Likewise, youth unemployment ratios would decrease by about 0.4 percentage points if participation in job-creation schemes (stocks as a percentage of youth unemployment) increased by one percentage point. On the other hand, increasing the participation in ALMP-related labour market training was found to increase youth unemployment. Table 1 summarises the findings of our analysis.

Table 1: Impact of participation in ALMPs as % of unemployment (15-24 average annual stocks) on unemployment ratios
Coef. Robust SE z P>|z|
ALMP part. as % of UE (under 25)
a) Employment incentive programmes -0.0075 0.0036 -2.0600 0.0400
b) Job creation schemes -0.0399 0.0199 -2.0100 0.0440
c) Labour market service -0.0002 0.0042 -0.0600 0.9560
d) Labour maket training 0.0012 0.0051 0.2300 0.8150
e) Business start ups -0.1154 0.1160 -0.9900 0.3200
L3 vocational education (all)
% of 15-24 year olds -0.0249 0.0079 -3.1600 0.0020

Source: Speckesser, S, (2015). D3.1 – Key Indicators and Drivers of Youth Unemployment, presentation at the STYLE Grenoble meeting, 5/3/2015

Note: Marginal effect percentage point change in observed unemployment ratio (UE as a percentage of the 15-24 year-old population); significant estimates are in bold


We have also contextualised our analysis with an evidence base on the impact of ALMPs on youth unemployment. We have related our findings to available estimates of individual and social benefits of reducing youth unemployment and the number of NEETs.

This literature found that being NEET at a young age is likely to result in lower earnings over the life course, poorer health and higher probability of committing crime, for which various studies – mainly from the UK – have provided estimations of these costs in monetary terms.

Cost-Benefit Analysis

A full Cost-Benefit Analysis relating to the increase in VET and ALMP as a value measure of social benefits could not be undertaken as part of our research because the evidence base on the benefits of reducing youth unemployment (and the cost of NEETs) is limited to only very few countries.

However, we have produced estimates that can be used for some policy reform modelling by parameterising a model of the incremental costs of policy reform; for example, extending employment incentive programmes to temporarily improve young people’s position in the job matching process. The resulting value parameters are shown in Table 2 below. This allows us to gain an understanding of the costs associated with increasing the use of policy interventions relating to ALMPs and VET in order to reduce youth unemployment.

Table 2 Impact of spending (in €1,000 per UE) and VET participation on unemployment ratios
Impact on 15-19 youth unemployment ratio Impact on 20-24 youth unemployment ratio
COEF. Std. Err z P>|z| COEF. Std. Err z P>|z|
Employment incentive programmes -0.017 0.096 -0.18 0.856 0.034 0.208 0.16 0.869
Job creation schemes -0.164 0.072 -2.28 0.023 -0.201 0.105 -1.91 0.056
Labour market service 0.196 0.072 2.14 0.032 0.281 0.091 3.09 0.002
Labour market training -0.077 0.105 -0.74 0.46 -0.062 0.155 -0.4 0.69
Business start ups 0.63 0.758 0.83 0.406 -0.777 1.657 -0.47 0.639
People in L3 vocational programmes -0.031 0.007 -4.81 0 -0.024 0.011 -2.27 0.023

Source: Speckesser, S, (2015). D3.1 – Key Indicators and Drivers of Youth Unemployment, presentation at the STYLE Grenoble meeting, 5/3/2015


On the basis of our estimates presented in both Table 1  (impact of ALMPs and VET on youth unemployment ratios) and Table 2 (cost of policy reform), we can draw the following tentative conclusions:

  • Increasing VET by one percentage point significantly reduces youth unemployment, but it would have to be a large-scale intervention for such an effect to take place since there are already many young people in vocational education. Moreover, such education and training has comparatively high costs per participant.
  • Employment incentives are a more costly ALMP-related programme but, on average, fewer people are engaged. Extending this element, as part of the youth-related policy mix, would potentially be more costly per participant (in most countries); however, the overall spending to achieve a significant reduction in youth unemployment could be potentially lower.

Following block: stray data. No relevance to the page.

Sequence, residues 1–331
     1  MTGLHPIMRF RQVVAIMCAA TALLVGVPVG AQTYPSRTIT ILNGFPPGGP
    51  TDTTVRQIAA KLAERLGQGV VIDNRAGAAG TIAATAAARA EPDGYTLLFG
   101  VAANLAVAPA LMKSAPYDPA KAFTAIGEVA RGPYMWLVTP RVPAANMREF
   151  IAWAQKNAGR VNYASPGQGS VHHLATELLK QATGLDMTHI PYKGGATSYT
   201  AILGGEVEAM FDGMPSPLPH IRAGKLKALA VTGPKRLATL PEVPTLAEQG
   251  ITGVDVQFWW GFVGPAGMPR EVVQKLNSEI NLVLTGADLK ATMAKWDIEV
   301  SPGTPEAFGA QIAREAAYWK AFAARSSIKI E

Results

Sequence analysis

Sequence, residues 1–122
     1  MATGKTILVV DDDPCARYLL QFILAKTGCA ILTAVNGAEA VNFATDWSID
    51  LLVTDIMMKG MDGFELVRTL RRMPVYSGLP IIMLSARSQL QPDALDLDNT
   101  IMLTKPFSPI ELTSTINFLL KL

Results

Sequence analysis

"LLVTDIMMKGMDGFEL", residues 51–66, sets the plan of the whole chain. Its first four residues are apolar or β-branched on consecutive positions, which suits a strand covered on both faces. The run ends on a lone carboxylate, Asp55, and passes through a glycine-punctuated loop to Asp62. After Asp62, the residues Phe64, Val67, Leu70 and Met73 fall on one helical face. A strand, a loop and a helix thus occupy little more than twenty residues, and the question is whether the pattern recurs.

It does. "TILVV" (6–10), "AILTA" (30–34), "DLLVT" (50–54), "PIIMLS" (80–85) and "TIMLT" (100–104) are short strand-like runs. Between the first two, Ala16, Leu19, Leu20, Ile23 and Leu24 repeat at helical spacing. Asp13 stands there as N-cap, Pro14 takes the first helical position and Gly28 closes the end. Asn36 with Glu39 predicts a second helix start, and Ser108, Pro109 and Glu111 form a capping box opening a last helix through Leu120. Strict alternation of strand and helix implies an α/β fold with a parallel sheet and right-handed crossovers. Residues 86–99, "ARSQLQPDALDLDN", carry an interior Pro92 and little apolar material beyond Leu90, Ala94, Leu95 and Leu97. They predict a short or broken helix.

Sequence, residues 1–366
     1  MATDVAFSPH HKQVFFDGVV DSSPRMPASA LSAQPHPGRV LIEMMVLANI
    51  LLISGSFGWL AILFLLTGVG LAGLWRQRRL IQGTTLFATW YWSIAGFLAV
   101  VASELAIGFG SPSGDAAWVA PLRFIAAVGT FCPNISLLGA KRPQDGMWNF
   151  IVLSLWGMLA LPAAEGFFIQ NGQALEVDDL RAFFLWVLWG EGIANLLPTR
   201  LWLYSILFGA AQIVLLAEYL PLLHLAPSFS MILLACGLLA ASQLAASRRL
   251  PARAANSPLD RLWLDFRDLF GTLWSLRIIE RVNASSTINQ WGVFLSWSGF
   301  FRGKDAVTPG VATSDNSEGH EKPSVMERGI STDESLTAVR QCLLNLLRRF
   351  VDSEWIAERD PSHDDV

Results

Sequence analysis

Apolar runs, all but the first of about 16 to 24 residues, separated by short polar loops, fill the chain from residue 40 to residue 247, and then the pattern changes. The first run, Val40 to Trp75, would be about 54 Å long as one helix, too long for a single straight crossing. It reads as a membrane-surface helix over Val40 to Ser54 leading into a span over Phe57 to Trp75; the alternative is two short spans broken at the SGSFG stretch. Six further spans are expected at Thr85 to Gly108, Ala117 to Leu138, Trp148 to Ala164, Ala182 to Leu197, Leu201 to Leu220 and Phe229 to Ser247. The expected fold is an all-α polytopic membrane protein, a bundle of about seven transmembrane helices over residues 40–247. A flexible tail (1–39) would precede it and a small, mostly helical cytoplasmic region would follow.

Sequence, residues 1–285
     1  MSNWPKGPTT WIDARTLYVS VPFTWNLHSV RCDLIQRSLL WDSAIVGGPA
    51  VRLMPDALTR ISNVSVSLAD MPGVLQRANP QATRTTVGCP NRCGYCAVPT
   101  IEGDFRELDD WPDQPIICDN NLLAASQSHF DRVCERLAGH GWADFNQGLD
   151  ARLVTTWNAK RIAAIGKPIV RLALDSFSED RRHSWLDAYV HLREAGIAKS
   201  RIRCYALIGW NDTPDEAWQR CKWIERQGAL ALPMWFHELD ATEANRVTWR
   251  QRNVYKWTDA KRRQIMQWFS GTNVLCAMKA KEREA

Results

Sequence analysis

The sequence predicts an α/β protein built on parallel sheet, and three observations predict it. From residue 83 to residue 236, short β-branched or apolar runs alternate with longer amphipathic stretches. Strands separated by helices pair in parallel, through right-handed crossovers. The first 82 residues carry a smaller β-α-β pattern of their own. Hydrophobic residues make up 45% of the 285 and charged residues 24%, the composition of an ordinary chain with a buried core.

• Job creation schemes are the most costly option, but there is also some evidence of higher impacts than other interventions. However, it should also be stressed here that, as our literature review highlighted, the evidence regarding the impact of such schemes in terms of sustainable employment and cost effectiveness is not very robust. As a result, this finding of our analysis should be interpreted with extreme caution.
  • Overall, it seems that work experience (acquired as part of either job-creation schemes and/or employment incentives) reduces youth unemployment most and is most cost effective. On the other hand, training programmes as part of ALMPs do not reduce youth unemployment. As far as extending vocational education is concerned, its impact on reducing youth unemployment is positive; however, the magnitude of this impact is rather small.

The above discussion notwithstanding, we firmly believe that in order to understand the welfare implications of policy change, such estimates as those presented above would have to be further refined, for example considering differential impacts across countries; the choice of countries is also dependent on which suitable data would have to be made available.

We are fully aware that the findings of this aggregate analysis of the impact of ALMPs on youth unemployment should be interpreted with caution since we were severely constrained by the limited availability of relevant, consistent and comparative data across the EU. In that regard, we were indeed constrained by having to rely for our analysis on very rough measures of ALMP spending and participation. Following this analysis, we believe that there is an urgent need to set up a proper data collection and monitoring system across the EU which should, inter alia, include micro- and macro-economic data with coherent concepts of policy interventions (and indicators for policy effectiveness) for young people. Improved estimates of the long-term cost of youth unemployment (and the long-term economic benefit of reducing NEETs) to the European economy also need to be produced in order to allow for consistent research on the impact of policy and programmes (e.g., ALMPs). This will also contribute to better policy-making based on improved understanding of the social return on investment of policy aimed at reducing youth unemployment.


Gonzalez Carreras, Francisco, Laura Kirchner Sala and Stefan Speckesser. 2015. The Effectiveness of Policies to Combat Youth Unemployment’ STYLE Working Paper WP3.2 Policies to combat Youth Unemployment

Blundell, Richard, Stephen Bond and Frank Windmeijer. 2000. Estimation in Dynamic Panel Data Models: Improving on the Performance of the Standard GMM Estimator. IFS Working Paper 12. London: Institute for Fiscal Studies.